Note that texting is more popular than calling for all but the last three age groups.
September 28th, 2008, by Tim Finin, posted in Humor
Sometimes worse is not better, it’s just very bad. Here’s a good motivational poster for those of us who express ourselves in code or formal models.
According to Wikipedia, "On September 21, 1997, a divide by zero error in the USS Yorktown (CG-48) Remote Data Base Manager brought down all the machines on the network, causing the ship’s propulsion system to fail."
September 27th, 2008, by Tim Finin, posted in NLP, Ontologies, Semantic Web
Evri is another entry into the ‘semantic search’ space and has recently opened up a beta site with the slogan Search less, understand more. Evri is an startup launched by Vulcan Inc, a company founded by Paul Allen in 1986 as a private investment and R&D firm.
Here’s part of how Evri describes itself on their (FAQ).
“What is Evri doing? Evri is creating a map of connections between people, places, and things on the web. You’ll use this map to find the things you’re interested in. Instead of searching by keywords and looking for relevant results, Evri will lead you to other relevant articles, images, and video based on what you’re reading.
Where does Evri get its information? We search the World Wide Web and gather content from as many highly regarded information sources as we can find, and we’re adding more sources all the time.”
Saying that Evri does ‘semantic search’ is not quite right — their initial focus is on providing widgets for blogs and other web sites that use the text on the page to recommend links to other, related information.
Evri appears to have developed an underlying ontology that is used to organize their knowledge of “people, products and things”, capturing both a type taxonomy and relations. Some of this is revealed in the beta**2 part of their site, Evri’s Garden. There is a query system over their knowledge base complex search queries.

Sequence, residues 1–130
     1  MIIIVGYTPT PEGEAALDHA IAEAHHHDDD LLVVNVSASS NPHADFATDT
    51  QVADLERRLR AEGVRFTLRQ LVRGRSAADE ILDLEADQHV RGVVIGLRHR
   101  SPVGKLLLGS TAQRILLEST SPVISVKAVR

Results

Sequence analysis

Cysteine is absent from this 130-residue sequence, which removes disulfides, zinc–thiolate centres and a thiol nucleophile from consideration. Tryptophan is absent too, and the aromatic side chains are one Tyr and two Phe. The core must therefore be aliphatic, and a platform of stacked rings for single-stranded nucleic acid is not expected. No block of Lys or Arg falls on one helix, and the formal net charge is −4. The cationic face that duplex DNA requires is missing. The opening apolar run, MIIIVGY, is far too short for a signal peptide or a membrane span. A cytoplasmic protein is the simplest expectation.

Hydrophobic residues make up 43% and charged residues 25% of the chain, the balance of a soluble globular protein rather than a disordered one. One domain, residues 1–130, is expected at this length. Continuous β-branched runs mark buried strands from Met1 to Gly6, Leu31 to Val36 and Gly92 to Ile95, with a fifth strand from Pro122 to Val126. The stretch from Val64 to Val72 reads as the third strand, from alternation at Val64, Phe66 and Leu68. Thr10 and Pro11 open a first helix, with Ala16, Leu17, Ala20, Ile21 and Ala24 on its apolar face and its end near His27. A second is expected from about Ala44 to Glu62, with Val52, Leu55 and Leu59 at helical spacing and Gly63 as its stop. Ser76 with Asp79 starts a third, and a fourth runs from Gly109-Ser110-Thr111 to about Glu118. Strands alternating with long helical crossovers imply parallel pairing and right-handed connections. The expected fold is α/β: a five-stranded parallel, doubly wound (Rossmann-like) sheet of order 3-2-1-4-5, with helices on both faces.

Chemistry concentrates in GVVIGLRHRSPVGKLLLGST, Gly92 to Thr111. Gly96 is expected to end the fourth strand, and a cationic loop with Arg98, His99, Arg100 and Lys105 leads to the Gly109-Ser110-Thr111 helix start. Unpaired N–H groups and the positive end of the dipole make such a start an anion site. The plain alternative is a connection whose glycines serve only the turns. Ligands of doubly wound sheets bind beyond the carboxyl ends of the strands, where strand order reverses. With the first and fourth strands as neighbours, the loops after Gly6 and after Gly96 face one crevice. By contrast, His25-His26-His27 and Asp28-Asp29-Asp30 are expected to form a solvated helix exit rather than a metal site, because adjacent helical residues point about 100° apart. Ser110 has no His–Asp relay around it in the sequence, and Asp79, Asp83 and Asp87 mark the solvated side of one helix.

The current push, though, seems to be to get bloggers to add an Evri widget to their blogs that will pop up a window with links to related articles and information.
This is an interesting development that is worth watching.
September 26th, 2008, by Tim Finin, posted in iswc, Semantic Web
Register online for the 7th Int. Semantic Web Conf. by Oct 9
There is still time to register online for ISWC 2008, the Seventh International Semantic Web Conference, which will be held in Karlsruhe Germany on on 26-30 October 2008. Register online by October 9 to save 100 eu and take advantage of special ISWC hotel offers which are good if made four weeks in advance.
The ISWC program booklet has the complete schedule with further details on the ISWC site. The program includes much for practitioners, researchers, students, and business people, including both experts and those new to the concepts and technology. The days before the start of the main conference include the Doctoral Consortium, 11 half and full-day tutorials, and 13 workshops. The conference features 10 keynote and invited talks, 57 submitted paper presentations, 55 poster presentations, 32 demonstrations, a panel, a series of lightning talks, exhibits of products and services, and social events including guided tours, a reception, a banquet and dancing.
September 26th, 2008, by Tim Finin, posted in CS, GENERAL
Virtually all information technology programs in the US and Europe saw their enrollments drop significantly after the dot com bubble deflated in 2001. Students decided to pursue other majors, even though the IT job market remained strong — it just wasn’t insanely strong.